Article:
Five Films: The Love Edition

Toss the popcorn into the microwave and cuddle up for some reel LGBT romance.

by Nancy Ford

Kevin Kline and Ashley Judd in "De-Lovely."








Ah, February—the month of love. But there are a full 28 days (wait, this year, there’s 29! Leap year! Bonus!) to celebrate the big ball of mush that St. Valentine simply got rolling. Grab the ones you love, slather on some Chapstick, and get ready to pucker!


Arguably the most celebrated popular composer of the early 20th century, Cole Porter, a semi-closeted homosexual, was as tormented as he was talented. Nonetheless, Porter’s (Kevin Kline) long-suffering wife, Linda (Ashley Judd, who visits Houston April 26 for the Council on Alcohol and Drugs’ 29th Annual Spring Luncheon), loves him despite his unrelenting peccadilloes, and takes that ‘til-death-do-us-part’ business very seriously. This flashback fantasy/biopic plucks a passel of his top hits, like “Just One of Those Things,” “Love for Sale,” “You’re the Top,” “Let’s Misbehave,” and more staples of the Great American Songbook, performed by contemporary artists including Natalie Cole, Elvis Costello, Sheryl Crow, Diana Krall, Alanis Morissette, and others. 2004. Irwin Winkler (producer of Goodfellas, The Right Stuff, Raging Bull, and other four-star films) produces and directs.

Gayest moment: Pick a song, any song. Knowing what we know now, nearly all of Porter’s lyrics (in fact, merely the titles) emit a gaydar-busting clang. Also, the composer likely would have loved the fact that a fellow named Jay Cocks wrote the screenplay.


The cross-dressing, uni-browed Mexican artist and anarchist Frida Kahlo (Salma Hayek) is remembered almost as much for her emotionally and physically painful life as she is for the horrifically beautiful oils. This film begs the question: would Kahlo have been as prolific and enduring without all that pain? Or is that the purest essence of art itself? How Frida could subsequently wish to return to the corpulent, unfaithful artist/husband Diego Rivera after languishing in the lithe arms of Tina Modotti (again, Ashley Judd) is the real question. 2002. Julie Taymor directs.

Gayest moment: Tina Modotti, delivering a wedding toast: “I don’t believe in marriage. [Crowd laughs] No, I really don’t. Let me be clear about that. I think at worst it’s a hostile political act, a way for small-minded men to keep women in the house and out of the way, wrapped up in the guise of tradition and conservative religious nonsense. At best, it’s a happy delusion—these two people who truly love each other and have no idea how truly miserable they’re about to make each other. But, but, when two people know that, and they decide with eyes wide open to face each other and get married anyway, then I don’t think it’s conservative or delusional. I think it’s radical and courageous and very romantic. To Diego and Frida.”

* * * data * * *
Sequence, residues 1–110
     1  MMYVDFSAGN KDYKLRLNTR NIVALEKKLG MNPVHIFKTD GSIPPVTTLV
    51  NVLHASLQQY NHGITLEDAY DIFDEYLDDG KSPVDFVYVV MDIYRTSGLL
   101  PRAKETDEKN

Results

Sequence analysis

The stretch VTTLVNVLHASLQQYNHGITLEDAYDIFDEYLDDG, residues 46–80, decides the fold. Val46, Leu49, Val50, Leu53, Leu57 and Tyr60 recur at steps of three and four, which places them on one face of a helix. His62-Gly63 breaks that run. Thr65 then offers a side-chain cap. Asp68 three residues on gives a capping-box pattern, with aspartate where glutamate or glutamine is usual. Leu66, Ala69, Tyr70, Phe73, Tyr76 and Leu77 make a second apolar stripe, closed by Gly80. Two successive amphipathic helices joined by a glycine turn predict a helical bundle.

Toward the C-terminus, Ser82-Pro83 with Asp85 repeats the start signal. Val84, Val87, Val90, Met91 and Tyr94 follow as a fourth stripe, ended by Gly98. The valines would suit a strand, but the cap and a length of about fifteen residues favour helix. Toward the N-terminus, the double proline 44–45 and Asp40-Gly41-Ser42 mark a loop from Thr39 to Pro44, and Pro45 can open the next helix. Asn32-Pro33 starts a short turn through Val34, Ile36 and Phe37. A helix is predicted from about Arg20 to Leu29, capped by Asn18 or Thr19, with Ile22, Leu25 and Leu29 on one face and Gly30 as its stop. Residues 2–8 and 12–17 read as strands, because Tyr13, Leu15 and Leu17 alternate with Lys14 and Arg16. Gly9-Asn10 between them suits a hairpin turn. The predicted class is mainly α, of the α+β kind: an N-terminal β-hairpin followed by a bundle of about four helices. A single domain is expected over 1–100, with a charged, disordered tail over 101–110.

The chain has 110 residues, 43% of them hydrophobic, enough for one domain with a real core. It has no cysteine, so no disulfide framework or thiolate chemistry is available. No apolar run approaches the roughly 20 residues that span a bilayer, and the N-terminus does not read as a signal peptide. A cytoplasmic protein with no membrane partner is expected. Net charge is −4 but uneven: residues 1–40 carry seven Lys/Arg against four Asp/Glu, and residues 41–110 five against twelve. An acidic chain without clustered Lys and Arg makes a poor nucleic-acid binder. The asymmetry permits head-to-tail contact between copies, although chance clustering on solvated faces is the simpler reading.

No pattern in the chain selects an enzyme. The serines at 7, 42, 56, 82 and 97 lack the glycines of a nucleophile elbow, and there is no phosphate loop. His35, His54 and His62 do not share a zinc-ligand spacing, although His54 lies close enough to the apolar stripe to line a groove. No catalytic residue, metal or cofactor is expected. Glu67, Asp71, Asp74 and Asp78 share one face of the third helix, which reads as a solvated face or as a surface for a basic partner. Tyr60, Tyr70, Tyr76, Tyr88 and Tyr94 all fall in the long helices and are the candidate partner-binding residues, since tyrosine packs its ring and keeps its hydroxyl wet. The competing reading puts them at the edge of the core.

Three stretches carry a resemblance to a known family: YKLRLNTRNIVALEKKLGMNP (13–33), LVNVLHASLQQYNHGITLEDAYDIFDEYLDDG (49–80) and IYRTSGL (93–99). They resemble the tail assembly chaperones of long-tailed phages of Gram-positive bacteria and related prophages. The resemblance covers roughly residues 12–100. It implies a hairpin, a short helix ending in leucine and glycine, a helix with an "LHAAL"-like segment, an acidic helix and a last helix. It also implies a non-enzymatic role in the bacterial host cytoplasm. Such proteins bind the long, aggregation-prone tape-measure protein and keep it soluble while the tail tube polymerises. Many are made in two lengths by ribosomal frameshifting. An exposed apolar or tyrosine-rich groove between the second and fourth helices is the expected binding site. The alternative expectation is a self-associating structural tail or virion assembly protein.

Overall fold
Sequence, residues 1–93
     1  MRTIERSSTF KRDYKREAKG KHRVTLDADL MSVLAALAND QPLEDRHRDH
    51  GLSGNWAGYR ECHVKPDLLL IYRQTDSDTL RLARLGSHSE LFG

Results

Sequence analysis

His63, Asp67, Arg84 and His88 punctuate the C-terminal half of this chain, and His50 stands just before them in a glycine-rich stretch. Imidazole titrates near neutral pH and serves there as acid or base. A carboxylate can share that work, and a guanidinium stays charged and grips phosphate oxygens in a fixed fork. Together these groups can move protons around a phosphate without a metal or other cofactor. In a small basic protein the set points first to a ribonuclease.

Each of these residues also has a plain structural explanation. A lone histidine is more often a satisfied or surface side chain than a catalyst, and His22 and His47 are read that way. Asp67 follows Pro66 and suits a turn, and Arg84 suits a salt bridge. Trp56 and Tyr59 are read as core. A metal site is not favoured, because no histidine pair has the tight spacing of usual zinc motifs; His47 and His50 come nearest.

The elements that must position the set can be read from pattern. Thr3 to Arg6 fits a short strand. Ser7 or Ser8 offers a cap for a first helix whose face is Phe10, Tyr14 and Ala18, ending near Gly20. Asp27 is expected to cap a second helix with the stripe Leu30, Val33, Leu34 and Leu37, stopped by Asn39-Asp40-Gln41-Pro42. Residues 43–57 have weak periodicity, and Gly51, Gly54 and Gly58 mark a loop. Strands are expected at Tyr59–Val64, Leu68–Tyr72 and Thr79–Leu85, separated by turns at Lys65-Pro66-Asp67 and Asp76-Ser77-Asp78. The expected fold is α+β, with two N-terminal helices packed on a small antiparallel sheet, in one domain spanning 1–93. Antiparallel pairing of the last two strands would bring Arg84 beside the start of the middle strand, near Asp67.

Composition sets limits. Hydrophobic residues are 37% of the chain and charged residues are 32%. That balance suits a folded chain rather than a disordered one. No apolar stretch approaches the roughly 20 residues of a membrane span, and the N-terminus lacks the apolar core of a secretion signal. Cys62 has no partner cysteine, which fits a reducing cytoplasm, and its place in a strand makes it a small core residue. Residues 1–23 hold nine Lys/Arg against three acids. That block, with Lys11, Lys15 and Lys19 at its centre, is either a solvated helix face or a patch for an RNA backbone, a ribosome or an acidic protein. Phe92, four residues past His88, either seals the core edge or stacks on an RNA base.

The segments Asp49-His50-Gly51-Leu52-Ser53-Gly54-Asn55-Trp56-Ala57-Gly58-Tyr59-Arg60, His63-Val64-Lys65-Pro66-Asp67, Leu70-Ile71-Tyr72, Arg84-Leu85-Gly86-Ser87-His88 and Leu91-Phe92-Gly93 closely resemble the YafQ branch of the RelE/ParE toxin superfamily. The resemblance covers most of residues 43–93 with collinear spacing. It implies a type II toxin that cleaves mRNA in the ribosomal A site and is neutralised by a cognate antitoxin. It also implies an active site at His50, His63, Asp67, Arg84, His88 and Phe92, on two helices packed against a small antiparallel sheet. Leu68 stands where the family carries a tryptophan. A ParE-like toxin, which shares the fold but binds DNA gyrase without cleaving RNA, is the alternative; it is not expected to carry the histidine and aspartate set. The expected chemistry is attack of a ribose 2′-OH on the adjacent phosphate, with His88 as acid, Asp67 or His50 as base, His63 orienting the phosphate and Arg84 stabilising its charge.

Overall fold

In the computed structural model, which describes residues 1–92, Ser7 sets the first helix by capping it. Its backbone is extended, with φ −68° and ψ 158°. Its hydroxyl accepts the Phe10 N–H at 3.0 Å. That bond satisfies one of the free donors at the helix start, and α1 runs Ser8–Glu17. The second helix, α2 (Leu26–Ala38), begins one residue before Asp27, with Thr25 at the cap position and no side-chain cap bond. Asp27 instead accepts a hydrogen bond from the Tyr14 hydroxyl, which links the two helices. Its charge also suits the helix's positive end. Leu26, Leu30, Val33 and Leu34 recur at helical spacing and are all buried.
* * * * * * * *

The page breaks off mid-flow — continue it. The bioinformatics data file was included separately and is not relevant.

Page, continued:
The Incredibles

Human themes of love, commitment, family, trust, and redemption ring true throughout this spectacular, fast-paced animated film. Bob and Helen Parr (voiced by Craig T. Nelson and Holly Hunter) are a family of superheroes in the “retired superheroes” relocation program trying in vain to fit into a normal, non-heroic lifestyle. But when a young wanna-be superhero goes renegade, the Parr family (get it?) must rise above their jealousies and suspicions, pull on their big-boy-and-girl supertights, be true to who they really are, and save the world. Just like real life. 2004. Brad Bird directs.

Gayest moment: Helen to her son Dash: Right now, honey, the world just wants us to fit in, and to fit in, we gotta be like everyone else.
Dash (Spencer Fox): But Dad always said our powers were nothing to be ashamed of, our powers made us special.
Helen: Everyone’s special, Dash.
Dash (muttering): Which is another way of saying no one is.

The Simpsons Movie

In their long-awaited first feature-length film, our favorite animated family dances the brink of dual disasters: one would destroy their family’s hometown, the other would destroy their family itself. Along the way to its inevitable happy ending, and containing scenes far darker than what we’re used to on Sunday nights, the film addresses such weighty topics as global warming, religious extremism, Big Brother and unwarranted wire-tapping, America’s heritage of polygenesis, the lessons of Hurricane Katrina, and even what may make a person gay—all without even so much as a hint of self-righteousness. Oh, and, of course, Homer saves his family. To me, that smells like love. 2007. David Silverman directs.

Gayest moment: Homer Simpson (as his dogsled team leaves him stranded): Why does everything I whip leave me?

When Night Is Falling

So delightfully French (well okay, French Canadian), this multi-film-fest winner caught the eye of censors in its theatrical release for its then-racy image of two nude women tastefully reclining in velvet. “Tastefully” means none of their naughty bits were displayed. Camille (Pascale Bussières) is engaged to the rigid professor Martin (Henry Czerny), but when the Soleil-esque circus comes to her sleepy, gray college town, along with the smoldering and aptly named Petra Soft (Rachael Crawford), Camille is compelled to run away from the safe but suffocating existence. 1995. Patricia Rozema directs.

Gayest moment: The throbbingly sensuous love scene between the two women, delicately interwoven with the equally erotic trapeze performance. No words necessary.

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